Ministry provides another nearly $1 billion food boost to schools
WASHINGTON – The Biden administration announced today that the United States Department of Agriculture (USDA) will provide nearly $1 billion in additional funding to schools to support the purchase of American-grown foods for their meal programs. The department also applauds the president’s recent signing of the Keep Kids Fed Act, which equips schools, summer meal sites and child care food programs with additional resources so they can continue to serving children throughout the 2022-2023 school year. These two actions are a response to significant challenges that operators of infant nutrition programs continue to face, such as high food costs and supply chain disruptions.
“The Biden administration knows that the ongoing impacts of supply chain issues and rising food costs continue to be a challenge for many schools and child nutrition operators, and we are grateful to Congress for taking action to ease some of their burdens,” Agriculture Secretary Tom Vilsack said. . “From our end, this funding increase is another step the administration is taking to ensure that every child who needs a meal gets one. Regardless of the circumstances, the USDA and all of our partners must continue to work together to provide our youth with the healthy meals they rely on.
The department’s $943 million increase is provided by the USDA Commodity Credit Company. The funds will be distributed by state agencies to schools across the country, so they can purchase locally grown foods for their lunch programs. This assistance builds on the $1 billion in supply chain assistance funds the USDA previously allocated in December 2021, which states can use this school year as well as next to provide schools with a financing for the purchase of basic products.
The Keep Kids Fed Act will also provide assistance to program operators across the country by:
- Extend national flexibilities to summer meal programs through September 2022, including allowing venues to continue to serve meals across all areas at no cost to families;
- Offer schools an additional temporary reimbursement of 40 cents per lunch and 15 cents per breakfast, and daycares an additional reimbursement of 10 cents per meal;
- Provide all family child care homes with the higher temporary reimbursement rate for the 2022-23 school year;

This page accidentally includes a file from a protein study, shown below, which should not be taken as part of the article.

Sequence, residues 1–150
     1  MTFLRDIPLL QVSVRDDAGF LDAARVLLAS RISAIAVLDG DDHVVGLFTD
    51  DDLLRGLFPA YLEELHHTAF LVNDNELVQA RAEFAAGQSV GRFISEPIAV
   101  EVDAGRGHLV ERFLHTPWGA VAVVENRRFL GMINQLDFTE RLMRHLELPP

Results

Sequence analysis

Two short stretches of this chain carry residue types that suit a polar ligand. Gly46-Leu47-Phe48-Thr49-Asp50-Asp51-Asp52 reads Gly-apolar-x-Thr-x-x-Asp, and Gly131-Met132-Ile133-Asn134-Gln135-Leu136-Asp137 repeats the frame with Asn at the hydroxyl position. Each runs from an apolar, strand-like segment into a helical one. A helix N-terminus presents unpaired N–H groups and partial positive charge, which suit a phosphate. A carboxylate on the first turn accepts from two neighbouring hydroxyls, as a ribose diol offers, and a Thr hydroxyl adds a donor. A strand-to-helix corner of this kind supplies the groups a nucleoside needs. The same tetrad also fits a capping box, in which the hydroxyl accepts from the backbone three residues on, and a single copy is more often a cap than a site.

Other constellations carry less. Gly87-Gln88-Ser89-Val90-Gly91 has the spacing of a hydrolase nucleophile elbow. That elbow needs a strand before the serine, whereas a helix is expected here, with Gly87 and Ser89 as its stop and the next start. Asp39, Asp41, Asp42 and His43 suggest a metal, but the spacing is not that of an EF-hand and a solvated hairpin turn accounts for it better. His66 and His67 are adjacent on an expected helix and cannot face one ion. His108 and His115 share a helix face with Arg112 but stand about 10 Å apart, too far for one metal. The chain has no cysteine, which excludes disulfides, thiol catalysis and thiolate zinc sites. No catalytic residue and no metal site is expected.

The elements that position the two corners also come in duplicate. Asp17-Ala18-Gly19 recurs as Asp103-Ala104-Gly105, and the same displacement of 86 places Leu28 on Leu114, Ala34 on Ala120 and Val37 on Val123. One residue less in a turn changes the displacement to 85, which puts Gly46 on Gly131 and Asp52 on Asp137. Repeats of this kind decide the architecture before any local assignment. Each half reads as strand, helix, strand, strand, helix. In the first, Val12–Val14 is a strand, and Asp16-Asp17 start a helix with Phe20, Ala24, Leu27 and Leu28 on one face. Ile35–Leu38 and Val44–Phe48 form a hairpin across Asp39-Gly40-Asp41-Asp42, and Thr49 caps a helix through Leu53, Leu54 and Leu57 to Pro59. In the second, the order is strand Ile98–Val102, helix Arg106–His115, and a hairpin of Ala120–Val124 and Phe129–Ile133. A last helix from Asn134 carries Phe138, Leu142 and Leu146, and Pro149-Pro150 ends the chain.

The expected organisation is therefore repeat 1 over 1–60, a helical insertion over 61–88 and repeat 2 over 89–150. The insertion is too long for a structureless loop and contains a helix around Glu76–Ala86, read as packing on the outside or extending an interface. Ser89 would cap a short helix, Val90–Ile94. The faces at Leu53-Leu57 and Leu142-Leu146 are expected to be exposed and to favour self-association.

- Provide USDA with additional flexibilities to support schools, as needed, based on their local conditions.
This new authorization does not allow all students to eat for free during the 2022-2023 school year. Nonetheless, the ministry will continue to offer other program flexibilities under its current authority, such as:
- Equip schools and program operators to quickly respond to health-related safety issues by providing take-out and/or take-out meals for parents; and
- Extending the deadlines for districts to participate in the Community Eligibility Provision, which allows schools serving many needy students to provide all meals free of charge without collecting applications from families.
For next school year, in most school districts, families will need to complete an application through their school to determine if their household is eligible for free or reduced-price school meals, as it was. before the pandemic. The USDA also supports the expansion of direct certification, which uses existing data to certify children for free or reduced-price meals without an additional application. All states are required to directly certify students for free meals if their household receives SNAP benefits, and some states also directly certify free and reduced-price meals based on participation in Temporary Assistance for Needy Families, the food distribution program on Indian reservations or Medicaid. . States interested in participating in the Medicaid Direct Certification Demonstration Project are invited to respond to this application requestwhich ends September 30, 2022. In the 2019-2020 school year, 1.4 million students received free and reduced-price meals through direct certification through Medicaid.
“USDA is working alongside our partners in child nutrition to help them provide vital, nutritious meals to tens of millions of children every school day,” said Stacy Dean, assistant assistant secretary at the food, nutrition and consumer services. “There is a long way to go, but the additional support and funding for our operators will help them continue to serve our children well. We can – and will – overcome these challenges together.
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The USDA touches the lives of all Americans every day. Currently, the USDA is dedicated to transforming the US food system with a greater emphasis on more resilient local and regional food production, ensuring access to safe and nutritious food in all communities, creating new markets and new revenue streams for farmers and producers using climate-smart food and forestry practices, making historic investments in clean energy infrastructure and capacity in rural America, and committing to equity across the USDA by removing systemic barriers and creating a more representative workforce of America. To learn more, visit www.usda.gov.